Looking ahead: Week of October 19th

Published: Oct. 18, 2020 at 10:17 AM EDT
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It’s time now to look ahead to this week to see what we will be keeping on our radar.

Looking ahead to this week is a series of virtual programs about the complex history of Women’s Suffrage.

A local branch of Women’s International League for Peace and Freedom is partnering with the Vermont Suffrage Centennial Alliance and the League of Women Voters of Vermont to host free, virtual presentations on Women’s Suffrage.

All are welcome to attend, but seating is limited in these virtual programs and registration is encouraged. A full list of presentation topics, descriptions, and links will be posted at the bottom of this article.

Looking ahead to this Monday is a special South Burlington School board meeting. It starts on Monday at 9am, virtually.

In this executive session, the board will be discussing labor negotiations with teachers and support staff. On Wednesday, the board will meet for a regular school board meeting. The executive session starts at 6 pm and the regular meeting will start at 7pm.

Labor negotiations are set to continue in an executive session at this meeting but they’ll also be talking about COVID 19 updates, resource officers, and the 2022 budget.

Participation Options include an interactive online meeting (audio & video)

or by Telephone (audio only): +1 (872) 240-3412 Access Code: 890-784-261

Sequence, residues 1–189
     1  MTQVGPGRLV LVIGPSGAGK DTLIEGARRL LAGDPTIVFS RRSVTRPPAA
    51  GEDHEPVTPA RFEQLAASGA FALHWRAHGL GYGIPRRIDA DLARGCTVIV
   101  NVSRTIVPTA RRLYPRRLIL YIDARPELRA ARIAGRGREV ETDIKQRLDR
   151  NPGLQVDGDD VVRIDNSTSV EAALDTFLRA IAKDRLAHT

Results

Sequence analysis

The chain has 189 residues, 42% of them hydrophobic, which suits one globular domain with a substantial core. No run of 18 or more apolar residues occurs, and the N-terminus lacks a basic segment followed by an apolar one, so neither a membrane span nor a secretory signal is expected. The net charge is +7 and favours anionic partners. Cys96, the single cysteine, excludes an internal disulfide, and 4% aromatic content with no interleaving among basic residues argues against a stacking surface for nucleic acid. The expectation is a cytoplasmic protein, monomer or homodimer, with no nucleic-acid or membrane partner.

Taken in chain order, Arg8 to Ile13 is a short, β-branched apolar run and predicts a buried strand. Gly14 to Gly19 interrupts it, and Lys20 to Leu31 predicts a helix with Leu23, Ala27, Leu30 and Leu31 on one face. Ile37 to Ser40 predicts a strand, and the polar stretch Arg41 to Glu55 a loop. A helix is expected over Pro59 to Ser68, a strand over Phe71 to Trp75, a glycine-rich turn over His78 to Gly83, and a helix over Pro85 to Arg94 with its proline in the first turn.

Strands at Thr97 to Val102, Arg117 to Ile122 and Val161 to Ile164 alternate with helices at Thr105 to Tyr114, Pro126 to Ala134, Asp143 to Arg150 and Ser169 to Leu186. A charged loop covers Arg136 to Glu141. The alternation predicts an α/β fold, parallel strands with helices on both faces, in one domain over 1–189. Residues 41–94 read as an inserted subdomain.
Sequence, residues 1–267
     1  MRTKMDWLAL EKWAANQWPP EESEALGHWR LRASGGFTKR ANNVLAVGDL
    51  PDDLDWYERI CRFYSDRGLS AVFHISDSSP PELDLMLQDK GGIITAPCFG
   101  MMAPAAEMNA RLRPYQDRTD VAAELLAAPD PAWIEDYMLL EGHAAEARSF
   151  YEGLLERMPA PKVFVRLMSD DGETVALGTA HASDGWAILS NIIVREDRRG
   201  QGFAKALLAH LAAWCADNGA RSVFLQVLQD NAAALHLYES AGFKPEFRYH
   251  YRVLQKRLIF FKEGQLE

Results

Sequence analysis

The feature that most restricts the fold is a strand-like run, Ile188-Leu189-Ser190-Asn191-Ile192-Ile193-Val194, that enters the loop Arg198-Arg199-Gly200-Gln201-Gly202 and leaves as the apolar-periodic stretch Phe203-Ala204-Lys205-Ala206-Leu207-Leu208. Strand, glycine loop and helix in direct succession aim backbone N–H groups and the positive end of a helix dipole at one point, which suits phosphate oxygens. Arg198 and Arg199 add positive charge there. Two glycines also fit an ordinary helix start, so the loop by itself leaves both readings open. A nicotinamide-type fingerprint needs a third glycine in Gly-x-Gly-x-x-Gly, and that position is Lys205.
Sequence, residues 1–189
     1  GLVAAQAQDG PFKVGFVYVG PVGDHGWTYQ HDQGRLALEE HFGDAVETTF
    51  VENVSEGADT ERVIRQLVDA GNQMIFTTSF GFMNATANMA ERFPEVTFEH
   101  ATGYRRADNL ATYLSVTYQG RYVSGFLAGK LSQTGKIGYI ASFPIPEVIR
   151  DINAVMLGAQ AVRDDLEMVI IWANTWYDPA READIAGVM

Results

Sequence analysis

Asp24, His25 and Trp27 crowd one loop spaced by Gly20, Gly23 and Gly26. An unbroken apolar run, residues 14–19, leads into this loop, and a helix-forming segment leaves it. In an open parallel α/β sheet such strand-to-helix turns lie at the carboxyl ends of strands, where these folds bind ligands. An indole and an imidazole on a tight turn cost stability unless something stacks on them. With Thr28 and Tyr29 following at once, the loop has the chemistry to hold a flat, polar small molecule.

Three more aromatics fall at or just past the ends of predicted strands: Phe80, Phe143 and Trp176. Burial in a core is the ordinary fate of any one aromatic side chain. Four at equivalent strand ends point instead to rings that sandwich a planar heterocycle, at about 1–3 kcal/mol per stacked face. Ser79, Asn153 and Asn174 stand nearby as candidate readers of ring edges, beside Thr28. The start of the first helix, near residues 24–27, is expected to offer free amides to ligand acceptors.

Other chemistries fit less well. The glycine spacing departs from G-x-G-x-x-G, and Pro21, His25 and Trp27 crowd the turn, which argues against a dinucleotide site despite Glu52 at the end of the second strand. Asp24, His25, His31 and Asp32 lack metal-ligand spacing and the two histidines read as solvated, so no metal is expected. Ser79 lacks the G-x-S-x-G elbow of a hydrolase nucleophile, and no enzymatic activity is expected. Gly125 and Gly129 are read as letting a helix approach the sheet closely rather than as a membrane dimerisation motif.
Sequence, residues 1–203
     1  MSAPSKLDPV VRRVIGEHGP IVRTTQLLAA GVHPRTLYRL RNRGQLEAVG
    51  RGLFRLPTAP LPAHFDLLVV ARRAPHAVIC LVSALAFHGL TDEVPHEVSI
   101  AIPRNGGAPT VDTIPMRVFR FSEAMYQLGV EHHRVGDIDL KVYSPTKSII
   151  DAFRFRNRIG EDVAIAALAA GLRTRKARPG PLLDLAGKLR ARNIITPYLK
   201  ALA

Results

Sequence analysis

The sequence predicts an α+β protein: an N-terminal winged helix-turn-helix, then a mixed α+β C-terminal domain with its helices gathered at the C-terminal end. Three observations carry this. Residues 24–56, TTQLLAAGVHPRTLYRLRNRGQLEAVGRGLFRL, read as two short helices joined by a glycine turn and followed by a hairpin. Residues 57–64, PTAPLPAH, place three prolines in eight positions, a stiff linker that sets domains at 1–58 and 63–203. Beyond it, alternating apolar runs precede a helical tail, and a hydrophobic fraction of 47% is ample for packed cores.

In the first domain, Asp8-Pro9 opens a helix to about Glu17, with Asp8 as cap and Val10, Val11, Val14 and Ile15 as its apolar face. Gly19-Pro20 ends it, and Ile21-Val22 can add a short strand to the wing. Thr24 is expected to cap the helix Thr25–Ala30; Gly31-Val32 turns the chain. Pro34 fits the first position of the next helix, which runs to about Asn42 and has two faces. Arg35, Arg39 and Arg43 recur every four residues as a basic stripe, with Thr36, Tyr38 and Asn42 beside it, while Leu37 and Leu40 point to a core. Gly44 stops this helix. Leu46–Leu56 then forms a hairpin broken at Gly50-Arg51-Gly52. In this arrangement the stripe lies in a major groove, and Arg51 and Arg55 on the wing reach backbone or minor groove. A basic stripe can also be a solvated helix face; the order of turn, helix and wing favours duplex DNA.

The board would like to note that members of the public who participate by the interactive online meeting tool are asked to mute your microphones when not speaking and turn off your cameras. If you wish to speak to the council turn your camera on to be recognized.

Looking ahead to this Tuesday what will North Country school replace ‘Indians’ nickname with?

After retiring its controversial Native American nickname and mascot over the summer, a Clinton County community now has to come up with an alternative. This Tuesday they will have their final decision. And it is the students that get to make that final decision. The meeting will be this Tuesday, October 20, at 6 p.m.

As we approach the holiday season, it’s time to Pack the Pantry. On Thursday, Star 92.9′s Mike & Mary will Bring A Convoy of Canned Goods to Price Chopper In Berlin To Aid the Salvation Army Emergency Food Shelf. The goal of the Pack The Pantry Food & Funds Drive is to pack the truck full of canned goods and nonperishable food items and collect monetary donations as well to keep the food shelf running through next year.

The pandemic has greatly impacted the Salvation Army Emergency Food Shelf. Lieutenant Christopher West reports that weekly supplemental grocery distribution for less fortunate Vermont families has gone from 120 per week to over 600.

The need is great, click here if you want to learn more on how you could help.

Here is the full list of topic, descriptions, and links for the Women Suffrage presentation series:

October 21 (Wednesday): 7 to 9 PM Hosted by St. Michael’s College

Women Voted Here—Before Columbus

Registration Link: (A Zoom link will be sent to your email address.)